Ebola Monitoring Fact Sheet

For further Ebola information and resources visit the Delaware Public Health homepage.

A person who is deaf, hard-of-hearing, deaf-blind, or speech-disabled can call the DPH phone number above by using TTY services. Dial 7-1-1 or 800-232-5460 to type your conversation to a relay operator, who reads your conversation to a hearing person at DPH. The relay operator types the hearing person’s spoken words back to the TTY user. To learn more about TTY availability in Delaware, visit here.

Delaware Health and Social Services is committed to improving the quality of the lives of Delaware’s citizens by promoting health and well-being, fostering self-sufficiency, and protecting vulnerable populations. DPH, a division of DHSS, urges Delawareans to make healthier choices with the 5-2-1 Almost None campaign: eat 5 or more fruits and vegetables each day, have no more than 2 hours of recreational screen time each day (includes TV, computer, gaming), get 1 or more hours of physical activity each day, drink almost no sugary beverages.

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Storm Report #2 – Tuesday Evening January 21 (9:30pm)

(Smyrna) – A State of Emergency and Level 1 Driving Warning remain in effect for the entire State of Delaware, declared at 2pm by Governor Jack Markell, who previously ordered state offices closed at noon, sending all non-essential personnel home.  The Delaware Emergency Operations Center (EOC) was activated at noon, and Governor Markell has issued a verbal authorization permitting the Delaware Guard to take responsive and precautionary actions directed by the director of the Delaware Emergency Management Agency (DEMA), in consultation with Department of Safety and Homeland Security Secretary Louis Schiliro, upon request by local authorities.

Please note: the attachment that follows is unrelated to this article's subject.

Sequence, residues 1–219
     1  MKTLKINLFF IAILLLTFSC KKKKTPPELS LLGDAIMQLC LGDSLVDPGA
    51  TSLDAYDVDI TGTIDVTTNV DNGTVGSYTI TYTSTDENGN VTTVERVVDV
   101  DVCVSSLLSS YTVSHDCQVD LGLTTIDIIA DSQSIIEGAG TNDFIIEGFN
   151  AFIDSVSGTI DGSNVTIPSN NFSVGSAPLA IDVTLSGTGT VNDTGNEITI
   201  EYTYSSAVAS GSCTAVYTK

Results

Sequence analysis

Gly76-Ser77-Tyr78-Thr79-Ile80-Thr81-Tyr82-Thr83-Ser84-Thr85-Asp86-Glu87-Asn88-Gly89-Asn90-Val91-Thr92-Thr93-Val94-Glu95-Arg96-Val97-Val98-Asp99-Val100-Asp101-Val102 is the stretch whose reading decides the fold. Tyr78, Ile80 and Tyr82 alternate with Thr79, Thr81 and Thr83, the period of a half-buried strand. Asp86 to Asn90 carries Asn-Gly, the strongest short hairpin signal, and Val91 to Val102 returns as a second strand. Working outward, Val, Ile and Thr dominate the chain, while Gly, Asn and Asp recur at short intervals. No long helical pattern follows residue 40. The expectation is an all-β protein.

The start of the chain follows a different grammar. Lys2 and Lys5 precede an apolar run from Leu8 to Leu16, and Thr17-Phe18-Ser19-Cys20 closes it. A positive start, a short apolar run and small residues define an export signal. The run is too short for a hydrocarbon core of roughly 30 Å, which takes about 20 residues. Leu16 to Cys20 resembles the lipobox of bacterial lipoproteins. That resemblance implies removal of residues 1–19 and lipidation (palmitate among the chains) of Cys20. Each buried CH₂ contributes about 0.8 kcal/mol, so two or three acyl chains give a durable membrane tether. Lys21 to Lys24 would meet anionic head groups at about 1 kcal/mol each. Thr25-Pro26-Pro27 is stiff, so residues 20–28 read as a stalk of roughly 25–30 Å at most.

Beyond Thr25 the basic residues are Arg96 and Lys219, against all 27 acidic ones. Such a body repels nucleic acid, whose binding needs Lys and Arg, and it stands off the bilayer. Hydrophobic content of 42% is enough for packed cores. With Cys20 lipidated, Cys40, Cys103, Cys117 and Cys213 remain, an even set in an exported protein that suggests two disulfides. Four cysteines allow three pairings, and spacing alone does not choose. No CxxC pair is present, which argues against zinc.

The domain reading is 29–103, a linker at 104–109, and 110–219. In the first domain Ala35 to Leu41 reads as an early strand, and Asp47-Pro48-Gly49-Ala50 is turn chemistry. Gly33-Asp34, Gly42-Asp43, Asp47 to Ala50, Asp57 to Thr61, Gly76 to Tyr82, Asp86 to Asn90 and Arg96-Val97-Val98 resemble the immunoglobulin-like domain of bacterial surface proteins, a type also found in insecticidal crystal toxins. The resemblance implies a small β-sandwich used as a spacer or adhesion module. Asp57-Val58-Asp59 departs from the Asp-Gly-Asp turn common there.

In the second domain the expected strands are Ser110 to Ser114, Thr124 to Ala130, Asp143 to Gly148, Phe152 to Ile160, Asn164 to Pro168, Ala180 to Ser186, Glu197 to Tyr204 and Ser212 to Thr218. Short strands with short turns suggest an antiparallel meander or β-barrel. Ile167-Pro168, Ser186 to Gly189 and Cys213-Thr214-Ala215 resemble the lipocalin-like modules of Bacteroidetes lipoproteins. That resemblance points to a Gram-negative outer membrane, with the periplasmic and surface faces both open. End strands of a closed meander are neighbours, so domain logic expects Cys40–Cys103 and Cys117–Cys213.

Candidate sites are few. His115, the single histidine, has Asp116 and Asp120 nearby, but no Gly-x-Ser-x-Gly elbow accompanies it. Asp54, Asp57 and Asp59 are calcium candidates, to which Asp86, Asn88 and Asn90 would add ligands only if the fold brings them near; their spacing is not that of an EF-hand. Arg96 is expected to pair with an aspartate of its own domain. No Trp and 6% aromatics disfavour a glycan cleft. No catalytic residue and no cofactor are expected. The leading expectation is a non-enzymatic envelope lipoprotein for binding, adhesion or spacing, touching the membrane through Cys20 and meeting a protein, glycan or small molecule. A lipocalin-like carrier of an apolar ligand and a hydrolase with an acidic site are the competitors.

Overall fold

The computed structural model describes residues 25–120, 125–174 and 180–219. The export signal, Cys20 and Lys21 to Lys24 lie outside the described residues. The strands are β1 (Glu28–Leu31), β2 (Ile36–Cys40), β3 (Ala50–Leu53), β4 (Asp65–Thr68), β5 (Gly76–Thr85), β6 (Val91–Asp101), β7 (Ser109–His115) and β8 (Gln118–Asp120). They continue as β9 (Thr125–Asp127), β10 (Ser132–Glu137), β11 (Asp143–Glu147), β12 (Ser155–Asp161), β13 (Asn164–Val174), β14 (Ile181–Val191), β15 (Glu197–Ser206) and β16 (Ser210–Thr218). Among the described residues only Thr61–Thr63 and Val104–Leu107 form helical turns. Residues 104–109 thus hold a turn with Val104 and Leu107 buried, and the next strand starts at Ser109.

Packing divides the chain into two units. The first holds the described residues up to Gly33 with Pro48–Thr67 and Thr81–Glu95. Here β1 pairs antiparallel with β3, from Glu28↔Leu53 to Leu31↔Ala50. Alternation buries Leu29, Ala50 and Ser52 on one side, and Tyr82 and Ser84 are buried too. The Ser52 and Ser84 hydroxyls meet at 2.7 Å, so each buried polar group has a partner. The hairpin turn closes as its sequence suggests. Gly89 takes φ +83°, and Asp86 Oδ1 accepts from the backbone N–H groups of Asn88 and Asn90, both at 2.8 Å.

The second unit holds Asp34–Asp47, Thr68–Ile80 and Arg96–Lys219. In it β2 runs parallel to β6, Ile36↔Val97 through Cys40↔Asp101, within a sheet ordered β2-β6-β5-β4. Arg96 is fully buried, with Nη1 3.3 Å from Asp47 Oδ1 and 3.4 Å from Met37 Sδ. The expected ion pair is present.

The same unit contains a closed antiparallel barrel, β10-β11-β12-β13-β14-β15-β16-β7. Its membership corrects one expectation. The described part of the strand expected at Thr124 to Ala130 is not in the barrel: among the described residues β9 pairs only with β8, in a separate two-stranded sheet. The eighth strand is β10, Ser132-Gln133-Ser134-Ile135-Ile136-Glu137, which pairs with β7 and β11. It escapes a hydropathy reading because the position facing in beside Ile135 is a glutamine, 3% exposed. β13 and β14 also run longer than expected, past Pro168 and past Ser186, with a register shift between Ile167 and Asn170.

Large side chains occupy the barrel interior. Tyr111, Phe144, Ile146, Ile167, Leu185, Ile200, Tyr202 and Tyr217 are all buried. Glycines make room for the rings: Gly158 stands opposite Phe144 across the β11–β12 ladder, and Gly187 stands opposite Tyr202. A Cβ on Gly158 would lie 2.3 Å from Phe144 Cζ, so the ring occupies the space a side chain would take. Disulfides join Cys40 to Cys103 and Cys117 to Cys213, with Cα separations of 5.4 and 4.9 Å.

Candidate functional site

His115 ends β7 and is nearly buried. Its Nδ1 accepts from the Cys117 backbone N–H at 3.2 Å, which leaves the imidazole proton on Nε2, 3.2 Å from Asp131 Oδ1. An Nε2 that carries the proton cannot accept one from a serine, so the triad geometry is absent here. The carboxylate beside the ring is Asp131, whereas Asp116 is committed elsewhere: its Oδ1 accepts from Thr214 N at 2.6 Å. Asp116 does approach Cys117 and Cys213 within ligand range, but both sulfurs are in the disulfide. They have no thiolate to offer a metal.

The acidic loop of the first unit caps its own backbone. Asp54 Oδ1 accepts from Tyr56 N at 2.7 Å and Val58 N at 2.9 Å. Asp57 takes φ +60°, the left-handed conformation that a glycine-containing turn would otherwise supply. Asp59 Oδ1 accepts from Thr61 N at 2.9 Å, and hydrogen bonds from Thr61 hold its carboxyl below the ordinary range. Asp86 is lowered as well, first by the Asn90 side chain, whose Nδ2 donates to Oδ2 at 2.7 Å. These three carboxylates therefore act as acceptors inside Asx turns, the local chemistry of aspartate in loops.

The Delaware Code defines a Level 1 Driving Warning in this manner: “Level 1 Driving Warning: A “Level 1 Driving Warning” shall mean that any person operating a motor vehicle when a Level 1 Driving Warning has been activated shall exercise extra caution in the operation of their motor vehicle. Nonessential employees, regardless of whether employed by a public or private entity, are encouraged not to operate a motor vehicle on the State’s roadways when a Level 1 Driving Warning has been activated, unless there is a significant safety, health or business reason to do so.”